But everyone in the group sported the plain but aggressive "No On 300" signs that have popped up in Denver restaurants lately.
The hospitality industry's opposition to the Paid Sick Leave Initiative centers on frustrations with the proposal's vague wording, which tips the advantage in favor of employees rather than business owners. If approved, for example, the bill would guarantee paid sick leave to any full-time employees for up to three days -- without an excuse.
For a restaurateur, the problem is very stark. "Imagine showing up to work and there are no other employees behind you," says Leigh Jones, owner of Jonesy's Eat Bar and the incoming president of EatDenver, a group representing sixty independent restaurants. "Initiative 300 allows that. I know from experience that it's very scary to open a small business, and this will only make it harder."The majority of the anti-300 fight has been staged by the city's hospitality industry, which has adopted signage and slogans to counter the other side's "No flu on my fries" approach. Although the "No on 300" sign is the opponents' most prevalent symbol, one "No on 300" supporter at the rally unfurled a large, homemade sign that echoed Jones's sentiments: "Kill the mom and pops and the last places to eat will be chain and box."
"There's no stereotypical restaurant owner," says Stephanie Bonin, who owns Duo and Olivéa with her husband. "We are all shapes and sizes, genders and races and, most importantly in this forum, political affiliations. Initiative 300 was designed without our input."
The "No On 300" rally was one of a handful of recent steps as the November 1 election approaches. Last week, the pro-300 Campaign for a Healthy Denver presented the Model Denver Healthy Business Award to the Hope Center for its commitment to providing sick days and maintaining health in the workplace.
According to research released by the Bell Policy Center this morning, more than four out of every ten private-sector employees in Denver do not have paid sick leave. Research conducted by the Institute of Women's Policy Research suggests that 72 percent of the city's restaurant workers don't have paid sick leave, says Jenny Davies-Schley, principal of Progress Promotions, LLC.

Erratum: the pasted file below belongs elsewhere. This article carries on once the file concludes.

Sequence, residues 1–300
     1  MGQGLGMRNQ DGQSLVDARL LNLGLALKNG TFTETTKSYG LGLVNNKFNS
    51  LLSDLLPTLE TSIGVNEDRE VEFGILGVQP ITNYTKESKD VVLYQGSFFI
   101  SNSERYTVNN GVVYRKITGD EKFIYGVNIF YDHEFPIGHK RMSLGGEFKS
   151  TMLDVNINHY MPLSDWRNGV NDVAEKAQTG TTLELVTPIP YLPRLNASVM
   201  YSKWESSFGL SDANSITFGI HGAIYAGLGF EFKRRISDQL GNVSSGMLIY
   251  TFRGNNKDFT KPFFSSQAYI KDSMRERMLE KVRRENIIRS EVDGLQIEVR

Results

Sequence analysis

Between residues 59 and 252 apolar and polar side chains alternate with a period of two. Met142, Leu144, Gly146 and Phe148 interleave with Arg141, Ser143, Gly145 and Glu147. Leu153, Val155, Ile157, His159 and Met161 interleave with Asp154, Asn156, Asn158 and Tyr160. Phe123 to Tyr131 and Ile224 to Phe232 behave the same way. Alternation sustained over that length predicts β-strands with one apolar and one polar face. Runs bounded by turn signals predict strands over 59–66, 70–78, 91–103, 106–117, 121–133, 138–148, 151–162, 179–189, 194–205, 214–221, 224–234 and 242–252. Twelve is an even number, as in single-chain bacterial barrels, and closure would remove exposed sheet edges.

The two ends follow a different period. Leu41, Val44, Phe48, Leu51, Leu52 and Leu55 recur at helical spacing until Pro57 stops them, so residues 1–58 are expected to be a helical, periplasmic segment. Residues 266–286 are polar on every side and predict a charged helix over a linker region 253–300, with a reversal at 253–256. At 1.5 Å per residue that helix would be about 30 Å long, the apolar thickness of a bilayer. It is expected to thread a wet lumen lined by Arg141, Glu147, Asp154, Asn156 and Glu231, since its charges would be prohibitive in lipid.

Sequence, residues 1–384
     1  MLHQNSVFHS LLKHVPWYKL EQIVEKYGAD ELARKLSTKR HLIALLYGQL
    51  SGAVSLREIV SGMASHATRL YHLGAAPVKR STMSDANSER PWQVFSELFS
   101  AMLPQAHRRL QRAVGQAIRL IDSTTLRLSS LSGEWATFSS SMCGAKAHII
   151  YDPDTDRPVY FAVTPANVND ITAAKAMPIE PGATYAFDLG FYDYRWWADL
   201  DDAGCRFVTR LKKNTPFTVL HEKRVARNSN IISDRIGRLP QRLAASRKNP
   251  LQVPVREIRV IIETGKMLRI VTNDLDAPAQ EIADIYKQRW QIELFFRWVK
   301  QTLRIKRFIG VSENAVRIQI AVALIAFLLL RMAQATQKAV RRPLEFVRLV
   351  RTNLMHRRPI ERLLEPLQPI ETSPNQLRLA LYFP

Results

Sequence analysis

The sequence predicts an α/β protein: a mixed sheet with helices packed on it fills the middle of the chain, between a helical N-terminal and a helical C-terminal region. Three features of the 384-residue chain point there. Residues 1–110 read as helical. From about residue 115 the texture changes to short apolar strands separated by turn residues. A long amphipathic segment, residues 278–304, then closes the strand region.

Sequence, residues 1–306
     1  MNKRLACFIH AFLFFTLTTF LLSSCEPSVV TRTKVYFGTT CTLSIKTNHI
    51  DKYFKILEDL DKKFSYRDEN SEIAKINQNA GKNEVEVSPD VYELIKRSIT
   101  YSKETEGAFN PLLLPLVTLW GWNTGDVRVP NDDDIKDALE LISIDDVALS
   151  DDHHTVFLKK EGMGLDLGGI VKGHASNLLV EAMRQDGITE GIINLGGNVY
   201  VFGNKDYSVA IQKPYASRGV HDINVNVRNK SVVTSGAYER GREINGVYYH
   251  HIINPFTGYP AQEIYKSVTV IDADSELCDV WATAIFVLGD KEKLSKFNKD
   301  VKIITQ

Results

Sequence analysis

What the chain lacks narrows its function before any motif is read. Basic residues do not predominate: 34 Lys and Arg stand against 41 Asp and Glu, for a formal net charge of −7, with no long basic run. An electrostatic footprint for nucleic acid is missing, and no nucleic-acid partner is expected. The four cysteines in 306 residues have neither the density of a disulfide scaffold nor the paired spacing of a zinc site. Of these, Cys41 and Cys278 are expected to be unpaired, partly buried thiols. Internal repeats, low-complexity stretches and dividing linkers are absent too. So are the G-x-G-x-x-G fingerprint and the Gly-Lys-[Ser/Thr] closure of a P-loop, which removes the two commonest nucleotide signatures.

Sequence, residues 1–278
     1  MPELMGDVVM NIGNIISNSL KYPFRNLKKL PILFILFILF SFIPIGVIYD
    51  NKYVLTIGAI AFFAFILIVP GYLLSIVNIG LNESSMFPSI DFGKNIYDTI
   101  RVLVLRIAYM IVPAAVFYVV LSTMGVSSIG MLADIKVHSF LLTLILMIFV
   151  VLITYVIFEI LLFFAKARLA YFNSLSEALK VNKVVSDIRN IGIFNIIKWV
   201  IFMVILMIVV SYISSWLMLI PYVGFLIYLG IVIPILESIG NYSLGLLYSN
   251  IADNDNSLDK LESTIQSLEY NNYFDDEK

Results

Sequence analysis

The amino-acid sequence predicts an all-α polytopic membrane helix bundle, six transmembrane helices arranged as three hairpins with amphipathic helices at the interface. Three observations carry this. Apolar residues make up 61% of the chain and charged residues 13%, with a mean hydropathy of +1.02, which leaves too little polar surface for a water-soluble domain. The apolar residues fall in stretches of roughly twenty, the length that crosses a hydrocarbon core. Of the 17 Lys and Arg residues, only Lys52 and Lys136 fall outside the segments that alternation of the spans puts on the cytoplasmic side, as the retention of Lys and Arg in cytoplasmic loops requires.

And then there's the initiative's potential impact on this city's ailing economy. "It makes our small businesses less competitive with other neighboring municipalities," says Councilwoman Mary Beth Susman, one of six Denver City Council members who signed a letter siding with No On 300 last week. "I think we'll lose jobs under the mandate, and it requires the city to go in and monitor the entire operation."
The resulting toll on the city budget adds up to an estimated $700,000 each year. "The city isn't prepared to take this on, and it has never done anything like this," Susman says. "I've spoken to the supporters of Initiative 300, and they've related the success of similar initiatives in other cities, but it's not anything like this."
Susman is hoping that the initiative will be voted down in November, allowing Denver City Council and other city leaders to take a different approach to paid sick leave, one that takes advantage of ideas she has learned from both sides of Initiative 300.
"I would hope that any possible future attempt would come through the council and the state and have a lot of deliberation, that the affected groups themselves would have a chance to craft a more effective measure," Susman says. "I would hope it'd be statewide."
More from our Politics archive: "Denver Paid Sick Leave Initiative: City Council majority condemns 300."